David Sretavan, MD, PhD

Affiliated

The Sretavan Laboratory is actively engaged in research on nerve and axon responses to injury, disease, and on novel methods for nerve repair. Our interest in these areas builds on previous work from the laboratory on developmental molecules that control axon growth and behavior during formation of the nervous system. Collectively known as axon guidance molecules,these proteins bind receptors on cells to activate signaling pathways to fundamentally regulate cytoskeletal assembly/disassembly and calcium handling. Our research group is particularly interested in the functional roles axon guidance molecules may have in the adult nervous system, specifically in the settings of CNS injury and disease.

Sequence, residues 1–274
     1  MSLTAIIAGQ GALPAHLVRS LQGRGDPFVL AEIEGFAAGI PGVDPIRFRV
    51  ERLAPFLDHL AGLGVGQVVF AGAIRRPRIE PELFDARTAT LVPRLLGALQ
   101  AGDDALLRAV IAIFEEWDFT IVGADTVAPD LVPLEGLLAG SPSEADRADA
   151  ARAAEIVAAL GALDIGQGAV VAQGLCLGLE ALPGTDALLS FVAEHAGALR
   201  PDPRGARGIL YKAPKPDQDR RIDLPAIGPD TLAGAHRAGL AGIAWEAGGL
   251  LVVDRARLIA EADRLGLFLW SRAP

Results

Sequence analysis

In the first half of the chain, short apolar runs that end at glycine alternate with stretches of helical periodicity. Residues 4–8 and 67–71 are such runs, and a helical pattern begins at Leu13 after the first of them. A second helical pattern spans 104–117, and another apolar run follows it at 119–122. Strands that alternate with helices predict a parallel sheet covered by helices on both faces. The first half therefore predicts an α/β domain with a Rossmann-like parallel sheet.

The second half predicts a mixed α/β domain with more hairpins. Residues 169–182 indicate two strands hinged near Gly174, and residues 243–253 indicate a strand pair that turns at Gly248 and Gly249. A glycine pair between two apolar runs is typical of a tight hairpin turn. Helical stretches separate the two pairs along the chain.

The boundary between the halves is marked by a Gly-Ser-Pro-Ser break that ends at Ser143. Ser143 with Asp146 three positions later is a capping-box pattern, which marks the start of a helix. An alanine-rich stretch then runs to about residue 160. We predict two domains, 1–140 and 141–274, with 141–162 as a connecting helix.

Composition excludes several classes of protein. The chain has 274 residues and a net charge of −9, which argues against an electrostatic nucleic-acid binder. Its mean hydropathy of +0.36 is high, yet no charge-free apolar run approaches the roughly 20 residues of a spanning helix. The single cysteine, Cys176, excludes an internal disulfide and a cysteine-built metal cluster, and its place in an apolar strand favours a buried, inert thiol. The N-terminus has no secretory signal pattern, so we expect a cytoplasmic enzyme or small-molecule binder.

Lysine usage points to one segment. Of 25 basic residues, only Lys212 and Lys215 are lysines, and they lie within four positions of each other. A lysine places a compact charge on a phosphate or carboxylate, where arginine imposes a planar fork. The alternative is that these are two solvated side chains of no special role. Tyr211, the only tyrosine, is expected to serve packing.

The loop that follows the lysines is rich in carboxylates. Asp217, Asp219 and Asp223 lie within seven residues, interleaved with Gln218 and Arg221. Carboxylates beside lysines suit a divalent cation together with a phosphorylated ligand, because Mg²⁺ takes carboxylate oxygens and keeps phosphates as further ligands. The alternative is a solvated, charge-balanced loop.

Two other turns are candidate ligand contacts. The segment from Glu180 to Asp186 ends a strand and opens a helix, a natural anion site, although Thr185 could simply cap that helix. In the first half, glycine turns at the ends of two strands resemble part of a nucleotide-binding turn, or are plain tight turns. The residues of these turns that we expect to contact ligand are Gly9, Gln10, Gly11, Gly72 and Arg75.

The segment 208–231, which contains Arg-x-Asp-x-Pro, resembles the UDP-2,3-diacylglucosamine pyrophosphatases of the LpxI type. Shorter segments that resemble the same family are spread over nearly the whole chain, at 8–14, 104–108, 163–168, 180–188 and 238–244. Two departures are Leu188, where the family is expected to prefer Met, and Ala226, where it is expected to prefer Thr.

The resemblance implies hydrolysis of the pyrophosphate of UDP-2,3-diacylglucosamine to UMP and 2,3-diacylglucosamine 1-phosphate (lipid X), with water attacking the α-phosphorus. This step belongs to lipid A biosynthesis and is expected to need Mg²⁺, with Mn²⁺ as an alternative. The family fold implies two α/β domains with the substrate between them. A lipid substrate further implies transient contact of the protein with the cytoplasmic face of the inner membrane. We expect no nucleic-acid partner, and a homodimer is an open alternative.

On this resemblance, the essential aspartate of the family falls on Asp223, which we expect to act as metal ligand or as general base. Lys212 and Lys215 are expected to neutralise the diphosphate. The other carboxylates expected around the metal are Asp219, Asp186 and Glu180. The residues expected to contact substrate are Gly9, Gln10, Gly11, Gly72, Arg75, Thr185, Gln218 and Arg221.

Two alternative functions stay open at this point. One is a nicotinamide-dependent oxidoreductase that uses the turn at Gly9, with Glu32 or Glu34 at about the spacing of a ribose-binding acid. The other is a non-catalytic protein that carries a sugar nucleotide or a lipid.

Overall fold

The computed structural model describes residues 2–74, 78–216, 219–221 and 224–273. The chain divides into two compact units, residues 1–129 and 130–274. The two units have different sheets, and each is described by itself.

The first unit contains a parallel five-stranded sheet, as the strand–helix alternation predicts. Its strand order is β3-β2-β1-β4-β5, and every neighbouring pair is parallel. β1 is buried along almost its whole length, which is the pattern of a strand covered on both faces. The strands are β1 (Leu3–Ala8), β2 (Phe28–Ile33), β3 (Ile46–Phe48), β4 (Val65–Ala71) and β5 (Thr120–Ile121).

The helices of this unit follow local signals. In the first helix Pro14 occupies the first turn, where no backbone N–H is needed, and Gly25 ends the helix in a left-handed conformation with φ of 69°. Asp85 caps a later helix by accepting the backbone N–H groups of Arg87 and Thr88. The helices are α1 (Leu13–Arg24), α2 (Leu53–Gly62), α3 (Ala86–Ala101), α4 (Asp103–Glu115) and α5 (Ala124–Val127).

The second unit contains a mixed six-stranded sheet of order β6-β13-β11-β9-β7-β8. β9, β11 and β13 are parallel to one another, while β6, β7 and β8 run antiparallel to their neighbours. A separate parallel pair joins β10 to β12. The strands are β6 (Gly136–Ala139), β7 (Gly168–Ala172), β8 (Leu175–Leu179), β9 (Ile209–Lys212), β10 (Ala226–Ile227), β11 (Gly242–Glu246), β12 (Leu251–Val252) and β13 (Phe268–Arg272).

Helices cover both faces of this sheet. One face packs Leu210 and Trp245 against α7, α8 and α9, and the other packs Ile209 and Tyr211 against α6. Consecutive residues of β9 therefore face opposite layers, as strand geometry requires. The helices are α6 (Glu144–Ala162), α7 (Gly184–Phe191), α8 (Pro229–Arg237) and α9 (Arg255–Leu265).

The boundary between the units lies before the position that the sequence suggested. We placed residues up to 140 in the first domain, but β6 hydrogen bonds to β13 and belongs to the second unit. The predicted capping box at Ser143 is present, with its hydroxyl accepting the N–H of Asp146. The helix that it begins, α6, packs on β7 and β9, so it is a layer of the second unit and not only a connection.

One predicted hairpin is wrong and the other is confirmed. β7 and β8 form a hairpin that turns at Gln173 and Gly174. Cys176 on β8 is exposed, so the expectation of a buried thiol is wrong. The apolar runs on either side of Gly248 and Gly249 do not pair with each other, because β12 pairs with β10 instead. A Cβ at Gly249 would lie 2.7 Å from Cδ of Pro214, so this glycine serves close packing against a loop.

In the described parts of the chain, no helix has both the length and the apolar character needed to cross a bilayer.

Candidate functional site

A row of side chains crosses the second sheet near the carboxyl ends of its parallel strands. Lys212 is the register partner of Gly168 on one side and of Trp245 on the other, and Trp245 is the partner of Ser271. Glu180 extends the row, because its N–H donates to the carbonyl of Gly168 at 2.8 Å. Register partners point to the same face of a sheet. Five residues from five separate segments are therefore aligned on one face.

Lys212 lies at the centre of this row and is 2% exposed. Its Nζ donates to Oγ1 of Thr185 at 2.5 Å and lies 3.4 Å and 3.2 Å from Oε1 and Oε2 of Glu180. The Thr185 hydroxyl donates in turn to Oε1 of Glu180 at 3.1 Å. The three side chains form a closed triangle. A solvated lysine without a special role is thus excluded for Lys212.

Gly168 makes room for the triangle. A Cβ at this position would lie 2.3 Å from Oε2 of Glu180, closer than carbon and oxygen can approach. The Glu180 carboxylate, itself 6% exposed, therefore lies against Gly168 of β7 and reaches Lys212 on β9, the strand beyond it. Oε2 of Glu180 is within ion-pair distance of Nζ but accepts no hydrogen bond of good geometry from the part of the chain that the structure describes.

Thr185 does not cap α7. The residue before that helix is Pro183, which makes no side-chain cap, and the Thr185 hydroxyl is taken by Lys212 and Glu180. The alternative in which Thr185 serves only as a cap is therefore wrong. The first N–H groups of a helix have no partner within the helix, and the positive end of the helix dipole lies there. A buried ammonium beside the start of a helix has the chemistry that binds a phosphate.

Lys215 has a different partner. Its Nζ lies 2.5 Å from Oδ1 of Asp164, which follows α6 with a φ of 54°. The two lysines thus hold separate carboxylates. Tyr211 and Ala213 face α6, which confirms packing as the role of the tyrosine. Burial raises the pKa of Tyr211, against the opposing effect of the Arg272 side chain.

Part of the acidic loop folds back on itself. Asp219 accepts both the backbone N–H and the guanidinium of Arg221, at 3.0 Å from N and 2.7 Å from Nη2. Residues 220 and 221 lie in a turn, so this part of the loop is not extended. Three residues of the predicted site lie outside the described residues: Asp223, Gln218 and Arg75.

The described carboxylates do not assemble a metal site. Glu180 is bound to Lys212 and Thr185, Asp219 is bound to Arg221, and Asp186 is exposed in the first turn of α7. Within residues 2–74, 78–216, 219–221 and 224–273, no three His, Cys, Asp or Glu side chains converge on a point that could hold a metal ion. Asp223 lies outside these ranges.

A new research area for the laboratory is the use of micro and nanosystems as enabling technology for axonal repair. Methodologies for silicon-based fabrication can be combined with sensing and actuation principles to form biomedical devices that operate at the micron length scale of single cells. This field of Micro ElectroMechanical Systems (MEMS) engineering, coupled with advances in nanoscience may open up new frontiers in biological research, medical diagnostic and therapeutics. The Sretavan laboratory is leading a multidisciplinary group of researchers in MEMS engineering, nanoscience, biophysics, neurobiology and neurosurgery, to develop a microsystem platform for the microsurgical reconstruction and repair of single axons.